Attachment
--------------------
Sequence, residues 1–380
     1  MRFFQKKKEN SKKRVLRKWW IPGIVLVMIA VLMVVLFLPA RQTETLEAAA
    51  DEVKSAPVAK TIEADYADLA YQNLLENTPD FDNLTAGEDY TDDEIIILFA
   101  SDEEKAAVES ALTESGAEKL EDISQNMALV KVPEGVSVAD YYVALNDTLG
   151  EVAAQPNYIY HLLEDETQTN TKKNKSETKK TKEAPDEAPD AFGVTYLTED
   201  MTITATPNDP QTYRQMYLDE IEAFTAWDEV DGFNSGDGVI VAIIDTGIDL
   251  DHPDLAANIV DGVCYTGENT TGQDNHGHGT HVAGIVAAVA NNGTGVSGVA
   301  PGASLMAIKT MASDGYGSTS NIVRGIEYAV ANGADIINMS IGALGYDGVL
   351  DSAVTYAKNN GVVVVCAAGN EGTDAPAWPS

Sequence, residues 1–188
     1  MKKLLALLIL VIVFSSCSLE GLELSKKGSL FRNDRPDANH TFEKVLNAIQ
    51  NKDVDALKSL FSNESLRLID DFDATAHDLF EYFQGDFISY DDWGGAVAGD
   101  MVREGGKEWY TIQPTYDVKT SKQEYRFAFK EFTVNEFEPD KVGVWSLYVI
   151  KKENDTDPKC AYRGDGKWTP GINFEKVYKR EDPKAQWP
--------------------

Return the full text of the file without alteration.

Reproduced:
Sequence, residues 1–380
     1  MRFFQKKKEN SKKRVLRKWW IPGIVLVMIA VLMVVLFLPA RQTETLEAAA
    51  DEVKSAPVAK TIEADYADLA YQNLLENTPD FDNLTAGEDY TDDEIIILFA
   101  SDEEKAAVES ALTESGAEKL EDISQNMALV KVPEGVSVAD YYVALNDTLG
   151  EVAAQPNYIY HLLEDETQTN TKKNKSETKK TKEAPDEAPD AFGVTYLTED
   201  MTITATPNDP QTYRQMYLDE IEAFTAWDEV DGFNSGDGVI VAIIDTGIDL
   251  DHPDLAANIV DGVCYTGENT TGQDNHGHGT HVAGIVAAVA NNGTGVSGVA
   301  PGASLMAIKT MASDGYGSTS NIVRGIEYAV ANGADIINMS IGALGYDGVL
   351  DSAVTYAKNN GVVVVCAAGN EGTDAPAWPS

Sequence, residues 1–188
     1  MKKLLALLIL VIVFSSCSLE GLELSKKGSL FRNDRPDANH TFEKVLNAIQ
    51  NKDVDALKSL FSNESLRLID DFDATAHDLF EYFQGDFISY DDWGGAVAGD
   101  MVREGGKEWY TIQPTYDVKT SKQEYRFAFK EFTVNEFEPD KVGVWSLYVI
   151  KKENDTDPKC AYRGDGKWTP GINFEKVYKR EDPKAQWP